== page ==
Emilian dialects

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PronunciationIPA: [emiˈʎaːŋ]
Native toItaly
RegionPrimarily Emilia
Ethnicity3.3 million (2008)[1]
Native speakers
Unknown, c. 1.3 million (2006 estimate) (2006)[2]
DialectsBolognese, Ferrarese, Modenese, Reggiano, Parmigiano, Piacentino, Mantovano, Carrarino, Vogherese-Pavese
Language codes
ISO 639-3egl
Linguasphere51-AAA-oka ... -okh
Emiliano-Romagnolo area.jpg
Geographic distribution of Emilian (shown in light pink)
This article contains IPA phonetic symbols. Without proper rendering support, you may see question marks, boxes, or other symbols instead of Unicode characters. For an introductory guide on IPA symbols, see Help:IPA.

Emilian (Emilian: emigliàn, emiliân; Italian: emiliano) are a group of closely-related dialects of Emilian-Romagnol language that are spoken in the historical region of Emilia, which is now in the northwestern part of Emilia-Romagna, Northern Italy. There is no standardised version of Emilian.

Emilian-Romagnol has a default word order of subject–verb–object and both grammatical gender (masculine and feminine) and grammatical number (singular and plural). In Emilian dialects, there is a strong T–V distinction, which distinguishes varying levels of politeness, social distance, courtesy, familiarity or insult. The alphabet, largely adapted from Standard Italian (Tuscan), uses a considerable number of diacritics.


Emilian is one of the two branches of the Emilian-Romagnol language, one of unstandardized Gallo-Italic languages. The Emilian dialects naturally form a dialect continuum with the bordering Romagnol varieties, while the more distant dialects might be less mutually intelligible. Besides Emilian-Romagnol, the Gallo-Italic family includes Piedmontese, Ligurian and Lombard, all of which maintain a level of mutual intelligibility with Emilian-Romagnol, the latter further influenced by Italian.


There is no widespread standard orthography. The words below are written in a nonspecific Emilian script.

Words in Emilian[3][4]
Emilian IPA English
êit, èlt [ɛ:jt] high
lêregh [ˈlɛ:rɐg] wide
longh, loangh [loŋg] long, tall
tōl, tegh [to:l], [teg] to take
fâṡ, fâż [fa:z] / [fa:ð̠] beech
bdoall [b.dœl] birch
znêr, żnèr [ð̠nɛ:r] January
fervêr [fɐrˈvɛr] February
ed, ad [ɐd] and
dîṡ [di:z] to say, ten (only in Bolognese)
ê, é [e] (he/she) is
aloura [ɐˈlɔu̯rɐ] so, then


Linguasphere Observatory recognises the following dialects:[5]

Other definitions include the following:[citation needed]

  • Massese (mixed with some Tuscan features)
  • Casalasco, spoken in Cremona, Lombardy.



Consonants in the Bolognese dialect
Labial Dental Alveolar Post-
Palatal Velar
voiceless p t t͡ʃ k
voiced b d d͡ʒ ɡ
Fricative voiceless f θ s
voiced v ð z
Nasal m n ɲ ŋ
Rhotic r
Approximant central j w
lateral l ʎ
  • Affricate sounds [t͡s, d͡z] can also be heard as alternates of fricative sounds /θ, ð/ particularly among southern dialects.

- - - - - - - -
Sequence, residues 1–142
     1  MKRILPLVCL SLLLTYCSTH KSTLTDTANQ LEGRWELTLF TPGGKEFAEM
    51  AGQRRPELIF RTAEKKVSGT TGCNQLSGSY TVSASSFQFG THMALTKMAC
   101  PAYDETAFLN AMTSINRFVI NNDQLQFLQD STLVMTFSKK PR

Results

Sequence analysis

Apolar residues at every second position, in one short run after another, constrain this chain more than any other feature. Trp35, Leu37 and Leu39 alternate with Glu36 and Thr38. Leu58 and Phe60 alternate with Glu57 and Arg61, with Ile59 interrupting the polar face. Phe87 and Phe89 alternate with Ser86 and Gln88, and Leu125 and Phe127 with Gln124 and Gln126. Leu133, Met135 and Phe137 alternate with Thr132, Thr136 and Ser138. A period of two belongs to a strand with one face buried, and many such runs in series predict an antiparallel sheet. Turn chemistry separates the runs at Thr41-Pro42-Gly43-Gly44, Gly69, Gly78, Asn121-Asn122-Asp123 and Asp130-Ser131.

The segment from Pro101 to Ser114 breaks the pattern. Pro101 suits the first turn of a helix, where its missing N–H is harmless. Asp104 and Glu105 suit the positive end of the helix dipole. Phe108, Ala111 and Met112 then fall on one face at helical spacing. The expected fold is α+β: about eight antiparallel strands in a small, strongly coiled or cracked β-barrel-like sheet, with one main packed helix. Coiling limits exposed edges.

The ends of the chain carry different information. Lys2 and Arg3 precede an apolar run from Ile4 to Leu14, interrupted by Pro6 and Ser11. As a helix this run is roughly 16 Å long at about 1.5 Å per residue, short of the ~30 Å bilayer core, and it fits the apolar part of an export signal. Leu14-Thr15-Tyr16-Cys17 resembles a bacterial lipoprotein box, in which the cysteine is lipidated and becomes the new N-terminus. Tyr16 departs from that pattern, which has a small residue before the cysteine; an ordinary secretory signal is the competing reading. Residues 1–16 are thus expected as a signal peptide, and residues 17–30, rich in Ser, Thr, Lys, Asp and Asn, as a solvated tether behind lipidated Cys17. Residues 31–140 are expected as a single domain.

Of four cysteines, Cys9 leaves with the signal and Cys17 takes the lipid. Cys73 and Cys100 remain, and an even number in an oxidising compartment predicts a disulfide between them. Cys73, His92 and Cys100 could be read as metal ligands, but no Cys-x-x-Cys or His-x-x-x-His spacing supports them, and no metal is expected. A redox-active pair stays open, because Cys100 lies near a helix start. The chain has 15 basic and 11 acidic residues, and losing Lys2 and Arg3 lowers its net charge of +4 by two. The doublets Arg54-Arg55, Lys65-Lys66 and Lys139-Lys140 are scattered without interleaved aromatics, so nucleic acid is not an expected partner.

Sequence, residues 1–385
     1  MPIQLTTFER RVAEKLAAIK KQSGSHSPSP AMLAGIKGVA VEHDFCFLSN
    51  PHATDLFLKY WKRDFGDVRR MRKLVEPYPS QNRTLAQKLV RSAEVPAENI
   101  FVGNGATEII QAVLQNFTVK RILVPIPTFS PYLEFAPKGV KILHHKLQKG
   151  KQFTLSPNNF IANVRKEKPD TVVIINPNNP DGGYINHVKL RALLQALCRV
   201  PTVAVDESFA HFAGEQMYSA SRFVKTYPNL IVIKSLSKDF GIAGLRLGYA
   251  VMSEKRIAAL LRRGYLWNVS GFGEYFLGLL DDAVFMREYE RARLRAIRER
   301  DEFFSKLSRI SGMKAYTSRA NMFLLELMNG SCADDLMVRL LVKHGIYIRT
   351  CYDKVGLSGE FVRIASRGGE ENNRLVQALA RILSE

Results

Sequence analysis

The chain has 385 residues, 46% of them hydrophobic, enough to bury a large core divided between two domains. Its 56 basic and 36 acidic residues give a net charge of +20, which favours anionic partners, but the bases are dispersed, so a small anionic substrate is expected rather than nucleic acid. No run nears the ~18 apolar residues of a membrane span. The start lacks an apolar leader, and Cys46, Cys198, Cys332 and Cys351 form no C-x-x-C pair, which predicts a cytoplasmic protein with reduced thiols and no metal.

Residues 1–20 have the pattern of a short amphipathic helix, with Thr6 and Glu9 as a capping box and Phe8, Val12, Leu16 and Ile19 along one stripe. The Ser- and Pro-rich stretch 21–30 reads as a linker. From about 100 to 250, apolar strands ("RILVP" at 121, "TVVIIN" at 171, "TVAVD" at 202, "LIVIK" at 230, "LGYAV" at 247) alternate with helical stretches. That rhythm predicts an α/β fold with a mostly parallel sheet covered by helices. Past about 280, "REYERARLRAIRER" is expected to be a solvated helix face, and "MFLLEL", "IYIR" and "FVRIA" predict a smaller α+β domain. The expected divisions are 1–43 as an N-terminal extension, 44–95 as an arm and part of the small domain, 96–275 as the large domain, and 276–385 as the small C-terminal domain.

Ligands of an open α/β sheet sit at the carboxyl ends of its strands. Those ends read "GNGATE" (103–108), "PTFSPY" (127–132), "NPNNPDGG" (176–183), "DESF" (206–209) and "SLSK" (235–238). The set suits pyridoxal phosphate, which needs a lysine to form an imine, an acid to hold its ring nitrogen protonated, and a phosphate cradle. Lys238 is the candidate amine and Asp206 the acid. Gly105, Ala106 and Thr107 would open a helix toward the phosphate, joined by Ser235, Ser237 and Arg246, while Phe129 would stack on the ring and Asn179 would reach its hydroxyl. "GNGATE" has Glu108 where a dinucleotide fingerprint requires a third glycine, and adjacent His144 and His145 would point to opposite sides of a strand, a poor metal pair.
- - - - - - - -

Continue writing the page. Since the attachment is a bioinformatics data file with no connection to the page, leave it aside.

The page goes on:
• In the Piacentino dialect, an /r/ sound can be heard as either an alveolar trill [r], or as a uvular fricative [ʁ] sound.


Front Central Back
Close i y u
Mid e ø ə o
ɛ œ ʌ ɔ
Open æ a
  • Rounded front vowel sounds /y, ø, œ/ and a mid-central vowel sound /ə/ are mainly common in the Piacentino and western dialects.
  • In the Piacentino dialect, five vowel sounds being followed by /n/, are then recognized as nasalized [ĩ ẽ ã õ ũ], unless /n/ occurs between two vowel sounds.
  • Vowel length is also distinguished for the following vowels [iː eː ɛː aː ɔː oː uː].[6][7][8]

Writing system[edit]

Emilian is written using a Latin script that has never been standardised. As a result, spelling varies widely across the dialects. The dialects were largely oral and rarely written until some in the late 20th century; a large amount of written media in Emilian has been made since World War II.


  1. ^ Miani, Ivan (12 April 2008). "Request for New Language Code Element in ISO 639-3, page 1ISO 639-3 Registration Authority Request for New Language Code Element in ISO 639-3" (pdf). iso639-3.sil.org. Retrieved 17 December 2012.
  2. ^ Istituto nazionale di statistica (20 April 2007). La lingua italiana, i dialetti e le lingue straniere, Anno 2006 (PDF) (in Italian). Retrieved 17 December 2012 – via portal-lem.com.
  3. ^ Lepri, Luigi; Vitali, Daniele (2007). Dizionario bolognese-italiano, italiano bolognese / Dizionèri bulgnais-itagliàn, itagliàn-bulugnais (in Italian). Bologna: Pendragon. ISBN 88-8342-594-4.
  4. ^ Vocabolario reggiano-italiano (in Italian). Reggio: Torreggiani. 1832 – via Biblioteca Panizzi.
  5. ^ "51-AAA-ok. emiliano + romagnolo". Linguasphere.
  6. ^ Foresti, Fabio (2009). Profilo linguistico dell'Emilia-Romagna (in Italian). Roma: Laterza.
  7. ^ Lepri, Luigi; Vitali, Daniele (2009). Dizionario bolognese-italiano italiano-bolognese / Dizionèri bulgnaiṡ-itagliàn itagliàn-bulgnaiṡ (2nd ed.). Bologna: Pendragon.
  8. ^ Hajek, John (1997). "Emilia-Romagna". In Maiden, Martin; Parry, Mair (eds.). The Dialects of Italy. London: Routledge. p. 275.


  • Luca Rognoni, Il sistema fonologico del dialetto modenese. L'Italia Dialettale 74, pp. 135–148, 2013.
  • Colombini, F. 2007. La negazione nei dialetti emiliani: microvariazione nell’area modenese. University of Padua, MA Thesis.

Further reading[edit]

  • Pietro Mainoldi, Manuale dell'odierno dialetto bolognese, Suoni e segni, Grammatica – Vocabolario, Bologna, Società tipografica Mareggiani 1950 (Rist. anast.: Sala Bolognese, A. Forni 2000)
  • Fabio Foresti, Bibliografia dialettale dell'Emilia-Romagna e della Repubblica di San Marino (BDER), Bologna, IBACN Emilia-Romagna / Compositori 1997
  • E. F. Tuttle, Nasalization in Northern Italy: Syllabic Constraints and Strength Scales as Developmental Parameters, Rivista di Linguistica, III: 23–92 (1991)
  • Luigi Lepri e Daniele Vitali, Dizionario Bolognese-Italiano Italiano-Bolognese, ed. Pendragon 2007

External links[edit]